Address All Areas of Mixed-Use Property
It’s crucial to carefully examine what your lease definitions cover when you’re negotiating a lease for space at a mixed-use property. Pay particular attention to the owner’s obligations for nonretail areas. Most shopping center leases use the term “shopping center” to describe the property. But in the context of a mixed-use development, an owner could mean for the term “shopping center” to refer only to the retail portion of the development. If the lease addresses the owner’s and your rights and responsibilities at the “shopping center,” it won’t address your concerns relating to the nonretail portions of the development, such as residential units.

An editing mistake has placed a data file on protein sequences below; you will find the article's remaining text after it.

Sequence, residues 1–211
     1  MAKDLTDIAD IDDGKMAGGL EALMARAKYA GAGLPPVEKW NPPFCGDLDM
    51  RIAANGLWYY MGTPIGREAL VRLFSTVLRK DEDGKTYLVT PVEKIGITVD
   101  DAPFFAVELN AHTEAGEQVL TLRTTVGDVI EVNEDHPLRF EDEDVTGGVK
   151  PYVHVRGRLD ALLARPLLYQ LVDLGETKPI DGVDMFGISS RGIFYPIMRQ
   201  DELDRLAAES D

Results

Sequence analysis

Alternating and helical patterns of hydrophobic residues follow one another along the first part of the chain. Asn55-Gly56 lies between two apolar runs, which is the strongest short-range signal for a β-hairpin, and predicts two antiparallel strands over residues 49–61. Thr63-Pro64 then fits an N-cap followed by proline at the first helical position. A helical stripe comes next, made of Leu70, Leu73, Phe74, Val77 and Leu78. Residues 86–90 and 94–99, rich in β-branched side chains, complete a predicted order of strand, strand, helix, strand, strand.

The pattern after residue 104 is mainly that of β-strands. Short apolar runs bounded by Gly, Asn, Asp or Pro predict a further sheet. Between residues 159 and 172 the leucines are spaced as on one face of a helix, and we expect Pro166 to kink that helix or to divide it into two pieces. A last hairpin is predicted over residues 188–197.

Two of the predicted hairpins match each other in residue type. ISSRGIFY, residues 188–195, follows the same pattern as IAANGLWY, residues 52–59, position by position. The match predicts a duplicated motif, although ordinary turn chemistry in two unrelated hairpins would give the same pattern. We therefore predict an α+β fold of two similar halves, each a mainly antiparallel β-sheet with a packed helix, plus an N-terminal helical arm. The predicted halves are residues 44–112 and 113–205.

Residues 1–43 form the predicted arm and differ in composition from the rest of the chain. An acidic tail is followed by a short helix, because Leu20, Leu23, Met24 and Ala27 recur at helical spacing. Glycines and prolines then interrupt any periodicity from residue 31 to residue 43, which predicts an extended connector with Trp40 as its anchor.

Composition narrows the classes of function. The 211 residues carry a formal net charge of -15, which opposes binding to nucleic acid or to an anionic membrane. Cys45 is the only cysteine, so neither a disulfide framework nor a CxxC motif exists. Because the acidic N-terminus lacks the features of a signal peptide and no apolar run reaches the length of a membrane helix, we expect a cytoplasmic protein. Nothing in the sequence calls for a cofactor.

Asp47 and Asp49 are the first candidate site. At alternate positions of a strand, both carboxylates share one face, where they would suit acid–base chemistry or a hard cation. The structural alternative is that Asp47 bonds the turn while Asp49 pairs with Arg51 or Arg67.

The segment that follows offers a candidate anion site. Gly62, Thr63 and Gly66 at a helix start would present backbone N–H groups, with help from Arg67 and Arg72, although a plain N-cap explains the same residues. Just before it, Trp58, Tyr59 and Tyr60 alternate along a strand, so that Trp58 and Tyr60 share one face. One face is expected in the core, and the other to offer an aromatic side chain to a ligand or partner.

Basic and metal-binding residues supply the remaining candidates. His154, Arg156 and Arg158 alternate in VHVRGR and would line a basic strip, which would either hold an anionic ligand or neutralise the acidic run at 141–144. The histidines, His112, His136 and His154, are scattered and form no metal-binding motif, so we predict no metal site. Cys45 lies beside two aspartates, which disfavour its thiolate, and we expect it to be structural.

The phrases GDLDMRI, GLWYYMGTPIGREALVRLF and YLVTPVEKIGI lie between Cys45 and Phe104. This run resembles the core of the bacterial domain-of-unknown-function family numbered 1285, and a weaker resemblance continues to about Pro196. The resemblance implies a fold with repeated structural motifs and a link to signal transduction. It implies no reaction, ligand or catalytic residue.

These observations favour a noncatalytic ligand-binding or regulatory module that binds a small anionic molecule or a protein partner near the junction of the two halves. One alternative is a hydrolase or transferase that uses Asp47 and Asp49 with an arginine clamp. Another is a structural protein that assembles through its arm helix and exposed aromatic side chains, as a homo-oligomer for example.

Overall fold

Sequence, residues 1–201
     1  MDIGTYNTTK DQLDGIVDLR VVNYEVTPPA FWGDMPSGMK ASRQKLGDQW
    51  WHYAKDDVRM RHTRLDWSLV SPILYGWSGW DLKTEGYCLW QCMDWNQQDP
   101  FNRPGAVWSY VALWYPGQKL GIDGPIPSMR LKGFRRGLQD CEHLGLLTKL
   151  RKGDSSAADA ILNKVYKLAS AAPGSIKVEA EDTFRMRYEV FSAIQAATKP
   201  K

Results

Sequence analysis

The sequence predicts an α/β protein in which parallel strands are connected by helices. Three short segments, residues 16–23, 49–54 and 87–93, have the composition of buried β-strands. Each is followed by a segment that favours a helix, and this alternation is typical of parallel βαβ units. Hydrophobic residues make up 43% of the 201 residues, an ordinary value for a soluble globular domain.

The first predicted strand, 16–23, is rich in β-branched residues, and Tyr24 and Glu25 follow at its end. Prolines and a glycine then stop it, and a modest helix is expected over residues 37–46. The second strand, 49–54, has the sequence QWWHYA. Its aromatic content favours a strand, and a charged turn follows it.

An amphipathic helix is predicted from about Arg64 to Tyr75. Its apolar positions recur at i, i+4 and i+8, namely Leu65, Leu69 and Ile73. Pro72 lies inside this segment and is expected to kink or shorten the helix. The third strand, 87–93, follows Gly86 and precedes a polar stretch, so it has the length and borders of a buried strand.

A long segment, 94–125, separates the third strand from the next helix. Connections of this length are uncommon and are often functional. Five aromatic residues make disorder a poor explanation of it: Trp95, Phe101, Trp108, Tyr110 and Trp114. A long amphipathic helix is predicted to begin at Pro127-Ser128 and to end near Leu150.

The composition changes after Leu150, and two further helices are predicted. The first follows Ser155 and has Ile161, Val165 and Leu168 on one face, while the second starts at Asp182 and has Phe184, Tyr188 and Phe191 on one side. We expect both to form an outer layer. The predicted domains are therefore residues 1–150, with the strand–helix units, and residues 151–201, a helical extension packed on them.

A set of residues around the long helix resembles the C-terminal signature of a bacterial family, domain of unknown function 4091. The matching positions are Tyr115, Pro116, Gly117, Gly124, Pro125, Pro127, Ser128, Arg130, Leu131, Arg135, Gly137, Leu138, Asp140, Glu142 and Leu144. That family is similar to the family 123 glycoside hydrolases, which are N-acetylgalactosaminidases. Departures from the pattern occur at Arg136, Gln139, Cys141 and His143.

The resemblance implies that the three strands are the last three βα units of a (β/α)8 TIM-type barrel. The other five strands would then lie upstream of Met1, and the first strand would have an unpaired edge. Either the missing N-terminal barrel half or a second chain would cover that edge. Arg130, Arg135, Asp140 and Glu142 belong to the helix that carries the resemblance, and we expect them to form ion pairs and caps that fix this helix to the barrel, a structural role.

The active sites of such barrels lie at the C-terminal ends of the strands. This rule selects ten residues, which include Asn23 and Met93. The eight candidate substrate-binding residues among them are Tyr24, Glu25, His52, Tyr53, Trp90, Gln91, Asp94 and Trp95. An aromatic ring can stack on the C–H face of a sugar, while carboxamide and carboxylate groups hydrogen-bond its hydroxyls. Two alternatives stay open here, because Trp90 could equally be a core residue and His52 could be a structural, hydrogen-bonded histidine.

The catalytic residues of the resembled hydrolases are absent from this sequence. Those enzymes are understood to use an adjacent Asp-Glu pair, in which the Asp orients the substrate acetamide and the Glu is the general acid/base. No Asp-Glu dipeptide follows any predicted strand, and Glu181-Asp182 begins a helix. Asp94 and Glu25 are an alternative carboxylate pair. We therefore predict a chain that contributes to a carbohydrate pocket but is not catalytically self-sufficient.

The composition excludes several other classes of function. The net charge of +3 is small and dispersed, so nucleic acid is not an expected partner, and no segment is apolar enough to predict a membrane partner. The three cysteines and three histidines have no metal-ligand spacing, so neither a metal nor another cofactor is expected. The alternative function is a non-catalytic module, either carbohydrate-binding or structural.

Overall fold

For example, if you want the owner to rebuild the residential units after a casualty, simply requiring the owner to rebuild the shopping center won’t cover that obligation if the residential units aren’t included in the definition of “shopping center.” So remember to ask your attorney to include those areas in the definition of shopping center or add a separate requirement to the lease to rebuild those parts of the property if they’re damaged. Otherwise, the owner could argue, and a court might agree, that it’s not obligated to repair nonretail areas there.